Global

  • Breakthrough HIV vaccine first to cut infection rates

    25/09/09

A trial HIV vaccine that cuts infection rates by almost a third has provided the research community with some hope following years of setbacks.

The vaccine, a combination of two earlier experimental vaccines that had not reduced infection rates individually, is the first to prevent infection. It was given to 16,000 Thai volunteers in the world's largest HIV/AIDS vaccine trial, carried out by the Thai government and the United States army.

The male and female volunteers, all HIV negative and aged between 18 and 30, were split into two groups — half were given a placebo, and half given the vaccine. All were provided with condoms and counselling on HIV/AIDS prevention.

Over the course of the trial, 74 people from the placebo group and 51 in the vaccine group became infected. Scientists say the results are statistically significant — with a 31.2 per cent lower risk of infection for the vaccinated group.

"This result is tantalisingly encouraging," says Richard Horton, editor of The Lancet. "The numbers are small and the difference may have been due to chance, but this finding is the first positive news in the AIDS vaccine field for a decade."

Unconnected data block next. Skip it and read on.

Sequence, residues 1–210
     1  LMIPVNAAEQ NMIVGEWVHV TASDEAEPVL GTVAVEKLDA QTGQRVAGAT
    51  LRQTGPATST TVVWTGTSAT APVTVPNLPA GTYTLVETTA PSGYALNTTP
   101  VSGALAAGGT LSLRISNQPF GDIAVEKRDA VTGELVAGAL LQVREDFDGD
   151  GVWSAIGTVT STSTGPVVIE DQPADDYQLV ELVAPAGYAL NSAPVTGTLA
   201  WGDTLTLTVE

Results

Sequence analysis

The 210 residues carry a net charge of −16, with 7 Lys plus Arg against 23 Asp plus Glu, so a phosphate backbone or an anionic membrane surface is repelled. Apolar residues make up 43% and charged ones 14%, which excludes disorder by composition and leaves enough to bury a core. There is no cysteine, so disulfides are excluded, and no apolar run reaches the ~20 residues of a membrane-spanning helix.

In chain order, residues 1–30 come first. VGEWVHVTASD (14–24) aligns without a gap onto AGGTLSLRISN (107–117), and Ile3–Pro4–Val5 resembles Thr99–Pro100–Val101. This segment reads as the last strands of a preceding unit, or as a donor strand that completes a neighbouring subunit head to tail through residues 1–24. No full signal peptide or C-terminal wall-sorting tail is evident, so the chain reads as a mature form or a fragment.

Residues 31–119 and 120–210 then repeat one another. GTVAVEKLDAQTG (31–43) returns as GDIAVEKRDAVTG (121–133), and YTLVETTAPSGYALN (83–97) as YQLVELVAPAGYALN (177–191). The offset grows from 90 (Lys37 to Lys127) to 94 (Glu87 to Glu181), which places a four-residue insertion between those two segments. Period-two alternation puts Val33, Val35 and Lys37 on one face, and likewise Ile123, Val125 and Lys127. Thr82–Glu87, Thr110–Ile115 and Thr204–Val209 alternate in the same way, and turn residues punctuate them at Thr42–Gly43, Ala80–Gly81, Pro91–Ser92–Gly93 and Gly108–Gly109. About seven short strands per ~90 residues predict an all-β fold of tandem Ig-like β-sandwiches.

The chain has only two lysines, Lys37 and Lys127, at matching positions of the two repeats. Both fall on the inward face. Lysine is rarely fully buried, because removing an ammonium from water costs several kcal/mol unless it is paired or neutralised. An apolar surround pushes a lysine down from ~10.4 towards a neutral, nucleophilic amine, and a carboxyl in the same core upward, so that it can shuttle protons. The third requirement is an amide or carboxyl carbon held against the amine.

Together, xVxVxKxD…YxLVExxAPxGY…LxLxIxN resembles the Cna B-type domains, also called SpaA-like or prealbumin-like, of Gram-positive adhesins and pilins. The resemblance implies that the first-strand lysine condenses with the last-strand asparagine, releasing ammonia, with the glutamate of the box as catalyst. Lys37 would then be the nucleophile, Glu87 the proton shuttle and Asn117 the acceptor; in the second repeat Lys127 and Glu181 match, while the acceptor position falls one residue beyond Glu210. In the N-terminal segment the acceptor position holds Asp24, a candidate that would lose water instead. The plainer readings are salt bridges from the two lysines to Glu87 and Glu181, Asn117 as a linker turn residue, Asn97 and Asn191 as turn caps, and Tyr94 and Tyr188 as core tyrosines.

The vaccine is based on the B and E strains of HIV most common in Thailand, and it is not known whether the vaccine will be effective against other strains elsewhere in the world, such as the C strain predominant in Africa.

Nevertheless, the international community have shown their support. The WHO say that though the results are "modestly protective", they have "instilled new hope in the HIV vaccine research field".

Even a partially effective vaccine could have a big impact. Two million people died of AIDS in 2007, and every day, 7,000 people worldwide are infected with HIV, UNAIDS estimates.

Alan Bernstein, director of the Global HIV Vaccine Enterprise is hopeful that with more research, "it will be possible to develop a vaccine that is fully protective against HIV".

Link to BBC Online article

Link to article in The Guardian